Bone cancer at a glance
- Bone cancer occurs when cells in a bone divide out of control, which can cause malignant (cancerous) tumors that destroy healthy bone tissue.
- Children and teens are most likely to develop bone cancer.
- Hereditary conditions often contribute to the development of bone cancer.
- Bone cancer is typically accompanied by severe pain around the area of the tumor(s).
- We offer CyberKnife robotic radiosurgery to treat bone cancer patients.
What is bone cancer?
Bone cancer occurs when cells in the bone become cancerous, creating malignant tumors that destroy healthy bone tissue. When the cancer originates in the bone tissue, it is called primary bone cancer.
But most of the time when cancer is present in the bone, it has metastasized (spread) from other organs in the body. Even though it is in the bone, it is named by the organ in which the tumors originated. So one can have lung cancer that has spread to the bone. The information here deals with primary bone cancer.
Much like other types of tumors, not all bone tumors are malignant. Benign (noncancerous) tumors can also develop in the bones. Both benign and malignant tumors can interfere with healthy bone tissue. The difference between the two is that malignant tumors spread, destroy bone tissue and can threaten a person’s overall health, while benign tumors do not.
Bone cancer can occur in a variety of components of the bone. Bones are made up of osteoid tissue (hard and compact), cartilaginous tissue (tough but flexible), fibrous tissue (threadlike) and bone marrow (soft, spongy tissue that is found in the center of most bones).
Types of primary bone cancer include:
- Osteosarcoma develops in osteoid tissue. It is most commonly found around the knee and upper arm. Osteosarcoma often affects teens and young adults. In fact, there is a separate form of this tumor specifically found in adults with pre-existing diseases of the bone, including Paget’s disease (abnormal development of new bone cells).
- Chondrosarcoma arises in the cartilaginous tissue. It is most commonly found in the hip, pelvis, leg, arm and shoulder. Adults between the ages of 40 and 70 are most likely to be affected by chondrosarcoma.
- The Ewing sarcoma family of tumors (ESFTs) usually occurs in the bone, but often spreads to surrounding soft tissue (blood vessels, fat, muscles). ESFTs are most commonly seen in the ribs, pelvic area, leg and upper arm of young people (between the ages of 5-20).
What causes bone cancer?
Doctors and scientists have not discovered one, particular cause for bone cancer. However, certain factors can increase the chances of developing bone tumors.
Hereditary conditions (genetic factors passed from parent to child) can sometimes lead to cancer development because these conditions are caused as a direct result of DNA abnormalities. Certain forms of bone cancer occur when abnormal DNA is present. The following genetic syndromes have been linked to the development of bone cancer:
- Li-Fraumeni syndrome
- Hereditary retinoblastoma
- Paget’s disease of bone.
Exposure to radiation (including therapy or treatment) can also increase the likelihood of developing bone cancer because radiation can damage DNA. Children are particularly susceptible to this, which is one reason why most bone cancers are found in children and teens.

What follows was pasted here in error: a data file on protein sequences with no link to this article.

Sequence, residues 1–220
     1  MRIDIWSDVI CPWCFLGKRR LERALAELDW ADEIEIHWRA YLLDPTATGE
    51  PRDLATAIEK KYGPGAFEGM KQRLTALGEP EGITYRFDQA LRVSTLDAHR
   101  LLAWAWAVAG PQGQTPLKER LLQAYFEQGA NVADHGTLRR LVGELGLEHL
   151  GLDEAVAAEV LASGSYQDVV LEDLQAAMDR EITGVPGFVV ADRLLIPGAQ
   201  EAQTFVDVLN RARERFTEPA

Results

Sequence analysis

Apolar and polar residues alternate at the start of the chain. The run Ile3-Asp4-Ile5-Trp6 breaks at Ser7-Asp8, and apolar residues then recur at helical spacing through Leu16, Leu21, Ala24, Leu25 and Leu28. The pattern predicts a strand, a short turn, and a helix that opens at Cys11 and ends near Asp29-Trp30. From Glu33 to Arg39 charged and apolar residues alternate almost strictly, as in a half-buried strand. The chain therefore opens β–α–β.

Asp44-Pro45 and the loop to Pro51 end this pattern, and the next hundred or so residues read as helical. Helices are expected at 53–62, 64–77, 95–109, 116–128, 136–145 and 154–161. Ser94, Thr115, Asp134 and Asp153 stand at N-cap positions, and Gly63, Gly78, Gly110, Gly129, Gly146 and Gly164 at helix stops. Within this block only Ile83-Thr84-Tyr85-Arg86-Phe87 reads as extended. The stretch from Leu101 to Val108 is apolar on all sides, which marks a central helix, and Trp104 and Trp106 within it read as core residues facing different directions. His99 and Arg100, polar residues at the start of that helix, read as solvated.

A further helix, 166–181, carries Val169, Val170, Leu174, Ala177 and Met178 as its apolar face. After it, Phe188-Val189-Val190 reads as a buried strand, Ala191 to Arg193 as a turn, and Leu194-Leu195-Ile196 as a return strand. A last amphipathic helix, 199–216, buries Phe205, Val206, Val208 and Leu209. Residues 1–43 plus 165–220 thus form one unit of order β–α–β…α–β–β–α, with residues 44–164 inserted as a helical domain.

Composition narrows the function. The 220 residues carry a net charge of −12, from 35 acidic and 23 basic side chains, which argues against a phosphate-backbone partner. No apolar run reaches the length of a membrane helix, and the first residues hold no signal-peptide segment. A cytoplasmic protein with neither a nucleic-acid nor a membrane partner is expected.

In some cases, bone cancer comes with no symptoms at all. But it is usually accompanied by severe pain around the area in which the tumor(s) has developed.
Other common symptoms include:
- Unexplained weight loss
- Swelling and redness near the affected area
- Bone aches
- Bone fractures (due to bone weakness).
How is bone cancer diagnosed?
Doctors use personal and family medical history to diagnose bone cancer. Physical examinations are also performed in combination with any of the following laboratory and diagnostic tests:
- Blood tests can evaluate alkaline phosphatase levels. Bone cancers cause these enzyme levels to be high.
- Bone scans are often used to take a direct look at the bones that may be affected. Tumors are easily seen with this type of test.
- A computed tomography (CT or CAT) scan may be used to produce detailed pictures of internal body parts (specifically bones).
- A biopsy of the surrounding tissue may be performed to determine if the tissue contains cancerous cells.
- An angiogram is an x-ray of blood vessels, often used to determine if visible abnormalities (potential cancer) are present.
- A positron emission tomography (PET) scan injects small amounts of radioactive glucose (sugar) into a vein to evaluate where glucose is used. Cancer cells often use more glucose than normal cells.
- Magnetic resonance imaging (MRI) procedures use a magnet linked to a computer to create pictures of the inside of the body. These pictures can reveal tumors.
CyberKnife treatment for bone cancer
When it comes to treating bone tumors, reaching the tumors can be difficult so mobility is crucial. Since bones make up the entire structure of a person’s body, bone cancer can occur virtually anywhere.
Anova Cancer Care uses CyberKnife robotic radiosurgery to treat patients with bone cancer. CyberKnife enables doctors to achieve a high level of accuracy by directly targeting and destroying cancer cells. CyberKnife also reduces additional risk factors associated with operations because of its noninvasive approach and fewer side effects.